Slavery checks not fit for purpose at UK firms, report says
UK businesses are running the risk of employing forced labour because they do not know enough about their staff, researchers have warned.
Firms are realising that often they do not fully trace the backgrounds of workers, a study by the University of Sheffield and University of Bath found.
It means their checks are not "fit for purpose" to uncover modern slavery, according to the researchers.
The government said further changes for businesses might be needed.
Home Office Minister Sarah Newton said the government was "considering what further steps may be necessary" to ensure all large businesses report properly and take effective action on forced labour.
It comes after a warning last month that modern slavery and human trafficking in the UK was "far more prevalent than previously thought".
The National Crime Agency said previous estimates of 10,000-13,000 victims in the UK were the "tip of the iceberg".
The university study, one of the first to examine forced labour in UK companies, focused on the construction and food industries.
Prof Andrew Crane of the University of Bath, the report's lead author, said: "Companies have little hope of detecting modern slavery practices unless they adopt a new approach that focuses specifically on their labour supply chains.
"They need to be able to trace the origin of their employees in the same way as most now can for their products."
Dr Genevieve LeBaron, a politics lecturer at the University of Sheffield, said: "Leading UK companies are starting to belatedly wake up to the fact that their existing systems for detecting worker abuse simply are not fit for purpose for uncovering forced labour."
Labour supply chains can make forced labour "seemingly invisible even when the workers subjected to them are right in front of us" in farms, factories and construction sites, she said.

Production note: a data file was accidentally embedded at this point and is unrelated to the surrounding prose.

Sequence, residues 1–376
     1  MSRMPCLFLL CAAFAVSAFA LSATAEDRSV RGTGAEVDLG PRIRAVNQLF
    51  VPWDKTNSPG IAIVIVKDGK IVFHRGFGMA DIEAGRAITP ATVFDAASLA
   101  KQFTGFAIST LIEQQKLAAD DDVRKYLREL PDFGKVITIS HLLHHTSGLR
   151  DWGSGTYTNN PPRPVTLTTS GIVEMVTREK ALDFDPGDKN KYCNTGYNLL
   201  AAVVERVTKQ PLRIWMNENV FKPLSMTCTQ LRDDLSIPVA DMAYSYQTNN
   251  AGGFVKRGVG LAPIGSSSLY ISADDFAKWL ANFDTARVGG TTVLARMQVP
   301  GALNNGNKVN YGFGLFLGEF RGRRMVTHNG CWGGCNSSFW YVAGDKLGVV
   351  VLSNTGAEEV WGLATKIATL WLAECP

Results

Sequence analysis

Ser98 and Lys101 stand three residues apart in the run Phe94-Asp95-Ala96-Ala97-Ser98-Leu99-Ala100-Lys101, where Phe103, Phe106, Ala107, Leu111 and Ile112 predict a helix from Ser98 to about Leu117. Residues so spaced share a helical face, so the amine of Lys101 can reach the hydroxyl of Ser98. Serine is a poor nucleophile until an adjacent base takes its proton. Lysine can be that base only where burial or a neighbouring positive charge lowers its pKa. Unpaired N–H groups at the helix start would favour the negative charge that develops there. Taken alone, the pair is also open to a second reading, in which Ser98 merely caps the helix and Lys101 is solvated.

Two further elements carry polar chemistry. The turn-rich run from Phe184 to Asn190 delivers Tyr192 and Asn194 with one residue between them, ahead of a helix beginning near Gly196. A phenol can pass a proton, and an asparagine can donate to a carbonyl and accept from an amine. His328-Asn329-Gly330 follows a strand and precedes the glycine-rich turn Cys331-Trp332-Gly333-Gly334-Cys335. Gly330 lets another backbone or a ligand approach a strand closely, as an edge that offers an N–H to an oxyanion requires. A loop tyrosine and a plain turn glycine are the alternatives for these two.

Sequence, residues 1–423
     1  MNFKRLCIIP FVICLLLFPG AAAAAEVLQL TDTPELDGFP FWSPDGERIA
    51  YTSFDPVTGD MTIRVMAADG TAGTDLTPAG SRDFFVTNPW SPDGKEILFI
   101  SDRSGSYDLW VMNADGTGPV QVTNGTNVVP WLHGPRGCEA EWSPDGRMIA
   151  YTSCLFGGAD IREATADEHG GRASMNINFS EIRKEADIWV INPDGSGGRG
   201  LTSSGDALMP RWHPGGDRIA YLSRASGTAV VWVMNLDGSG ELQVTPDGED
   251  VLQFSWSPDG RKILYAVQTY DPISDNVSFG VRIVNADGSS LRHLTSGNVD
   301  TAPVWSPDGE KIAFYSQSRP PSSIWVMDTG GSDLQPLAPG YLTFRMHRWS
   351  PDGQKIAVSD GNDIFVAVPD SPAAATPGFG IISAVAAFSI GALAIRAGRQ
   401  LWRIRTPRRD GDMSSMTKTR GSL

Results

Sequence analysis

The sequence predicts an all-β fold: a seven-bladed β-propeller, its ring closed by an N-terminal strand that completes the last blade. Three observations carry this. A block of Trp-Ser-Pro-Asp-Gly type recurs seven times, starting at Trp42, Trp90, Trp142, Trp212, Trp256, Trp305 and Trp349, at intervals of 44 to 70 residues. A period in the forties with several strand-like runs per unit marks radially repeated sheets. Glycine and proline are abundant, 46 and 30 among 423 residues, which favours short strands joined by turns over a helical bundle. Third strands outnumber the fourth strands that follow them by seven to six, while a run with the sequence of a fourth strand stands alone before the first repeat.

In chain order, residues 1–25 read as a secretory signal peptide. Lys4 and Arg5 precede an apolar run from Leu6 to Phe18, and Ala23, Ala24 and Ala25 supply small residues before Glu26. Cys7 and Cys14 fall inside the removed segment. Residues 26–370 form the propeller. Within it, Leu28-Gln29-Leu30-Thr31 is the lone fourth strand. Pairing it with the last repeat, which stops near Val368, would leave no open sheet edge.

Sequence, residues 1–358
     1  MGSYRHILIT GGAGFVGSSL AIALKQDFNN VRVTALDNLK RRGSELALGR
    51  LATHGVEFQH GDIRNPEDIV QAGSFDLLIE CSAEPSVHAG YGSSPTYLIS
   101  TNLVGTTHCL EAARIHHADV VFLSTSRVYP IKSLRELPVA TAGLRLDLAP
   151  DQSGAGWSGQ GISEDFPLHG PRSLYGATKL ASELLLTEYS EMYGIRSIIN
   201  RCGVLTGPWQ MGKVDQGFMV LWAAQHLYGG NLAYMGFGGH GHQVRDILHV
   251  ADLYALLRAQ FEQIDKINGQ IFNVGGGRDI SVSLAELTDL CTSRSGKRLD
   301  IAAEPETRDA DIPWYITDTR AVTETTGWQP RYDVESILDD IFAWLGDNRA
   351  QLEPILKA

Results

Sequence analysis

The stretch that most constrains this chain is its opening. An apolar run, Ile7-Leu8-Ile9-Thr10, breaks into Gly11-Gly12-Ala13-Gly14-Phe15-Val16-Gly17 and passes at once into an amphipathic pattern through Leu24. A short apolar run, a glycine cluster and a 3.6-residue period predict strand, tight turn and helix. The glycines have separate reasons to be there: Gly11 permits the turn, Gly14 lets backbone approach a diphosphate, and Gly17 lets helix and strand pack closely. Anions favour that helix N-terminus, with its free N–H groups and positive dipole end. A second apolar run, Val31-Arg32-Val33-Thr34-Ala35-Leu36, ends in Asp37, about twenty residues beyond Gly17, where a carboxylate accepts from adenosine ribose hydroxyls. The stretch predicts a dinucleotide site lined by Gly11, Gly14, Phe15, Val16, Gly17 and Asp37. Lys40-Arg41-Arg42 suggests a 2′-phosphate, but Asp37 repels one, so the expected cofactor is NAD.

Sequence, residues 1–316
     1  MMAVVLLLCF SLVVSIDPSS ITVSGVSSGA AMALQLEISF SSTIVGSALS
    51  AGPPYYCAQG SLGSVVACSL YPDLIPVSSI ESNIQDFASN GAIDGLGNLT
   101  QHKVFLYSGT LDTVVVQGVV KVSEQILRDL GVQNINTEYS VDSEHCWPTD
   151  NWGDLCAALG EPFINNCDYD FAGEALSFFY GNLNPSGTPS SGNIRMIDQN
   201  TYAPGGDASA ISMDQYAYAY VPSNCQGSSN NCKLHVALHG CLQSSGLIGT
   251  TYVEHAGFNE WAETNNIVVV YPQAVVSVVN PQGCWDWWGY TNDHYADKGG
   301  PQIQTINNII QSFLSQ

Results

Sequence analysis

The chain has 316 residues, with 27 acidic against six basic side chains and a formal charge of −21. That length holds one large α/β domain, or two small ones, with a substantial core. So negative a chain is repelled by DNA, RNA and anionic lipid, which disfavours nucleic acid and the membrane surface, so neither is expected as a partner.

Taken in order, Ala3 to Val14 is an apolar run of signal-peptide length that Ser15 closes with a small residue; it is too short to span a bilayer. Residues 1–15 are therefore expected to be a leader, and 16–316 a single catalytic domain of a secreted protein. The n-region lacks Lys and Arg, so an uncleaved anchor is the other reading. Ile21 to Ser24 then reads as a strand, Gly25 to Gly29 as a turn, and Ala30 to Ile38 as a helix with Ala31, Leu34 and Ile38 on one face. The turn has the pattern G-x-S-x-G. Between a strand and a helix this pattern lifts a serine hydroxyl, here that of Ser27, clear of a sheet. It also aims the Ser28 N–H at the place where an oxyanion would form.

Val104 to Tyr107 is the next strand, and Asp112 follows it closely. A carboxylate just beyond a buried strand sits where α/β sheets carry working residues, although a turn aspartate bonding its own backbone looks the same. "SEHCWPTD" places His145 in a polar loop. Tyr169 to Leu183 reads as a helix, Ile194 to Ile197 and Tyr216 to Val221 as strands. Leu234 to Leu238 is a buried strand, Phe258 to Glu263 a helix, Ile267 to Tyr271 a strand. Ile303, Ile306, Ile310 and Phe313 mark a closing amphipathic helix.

The use of outsourcing, subcontracting and temporary workers makes it harder to spot victims of slave labour, the report suggests.
Workers facing highly exploitative practices by third party agents may be forced to work for little or no pay, have their passports withheld or tricked into racking up large debts.
Ms Newton, the minister for crime, safeguarding and vulnerability, said: "We are committed to working with business to tackle this hidden crime."
She added that businesses had published thousands of transparency statements since the Modern Slavery Act was introduced into law in 2015.
It requires large UK businesses to produce a yearly statement outlining the actions they have taken to combat slavery in their supply chains.
Last week, a survey from the Chartered Institute of Procurement & Supply found 34% of companies failed to complete the statement.
The survey also found a tenth of UK supply chain managers admitted having found evidence of modern slavery.
What is modern slavery?
Modern slaves in the UK, often said to be hiding in plain sight, are working in nail bars, construction sites, brothels, cannabis farms and in agriculture.
Traffickers are using the internet to lure their victims with hollow promises of jobs, education and even love.
Albania, Nigeria, Vietnam, Romania and Poland are the most likely countries of origin, but some victims are from the UK itself.
There is no typical victim. They can be men, women or children of all ages but it is normally more prevalent among the most vulnerable, minorities, or socially-excluded groups.
Many believe they are escaping poverty, limited opportunities at home, a lack of education, unstable social and political conditions or war. But their slave masters are usually out to make financial gain.
Sexual exploitation is the most common form of modern slavery reported in the UK, followed by labour exploitation, forced criminal exploitation and domestic servitude.